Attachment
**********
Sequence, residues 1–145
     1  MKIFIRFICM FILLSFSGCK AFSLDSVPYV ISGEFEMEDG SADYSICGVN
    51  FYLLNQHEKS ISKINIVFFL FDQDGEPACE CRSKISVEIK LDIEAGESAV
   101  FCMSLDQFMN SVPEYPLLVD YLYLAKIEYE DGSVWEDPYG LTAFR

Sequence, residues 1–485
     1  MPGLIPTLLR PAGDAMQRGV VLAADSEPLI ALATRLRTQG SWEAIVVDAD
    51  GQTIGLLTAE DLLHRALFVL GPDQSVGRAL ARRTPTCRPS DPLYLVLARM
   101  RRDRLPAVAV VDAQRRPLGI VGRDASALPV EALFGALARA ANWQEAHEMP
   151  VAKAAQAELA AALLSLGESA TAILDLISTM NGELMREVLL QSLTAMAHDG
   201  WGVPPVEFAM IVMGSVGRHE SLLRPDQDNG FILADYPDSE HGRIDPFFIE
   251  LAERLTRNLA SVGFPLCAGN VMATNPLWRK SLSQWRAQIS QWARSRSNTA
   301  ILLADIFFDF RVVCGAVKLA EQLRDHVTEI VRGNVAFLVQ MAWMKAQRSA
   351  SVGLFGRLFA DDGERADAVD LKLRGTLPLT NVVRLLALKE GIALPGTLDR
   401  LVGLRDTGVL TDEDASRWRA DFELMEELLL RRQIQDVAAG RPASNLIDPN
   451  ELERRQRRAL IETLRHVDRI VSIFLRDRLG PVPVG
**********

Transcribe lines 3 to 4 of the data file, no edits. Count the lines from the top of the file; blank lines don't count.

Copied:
    51  FYLLNQHEKS ISKINIVFFL FDQDGEPACE CRSKISVEIK LDIEAGESAV
   101  FCMSLDQFMN SVPEYPLLVD YLYLAKIEYE DGSVWEDPYG LTAFR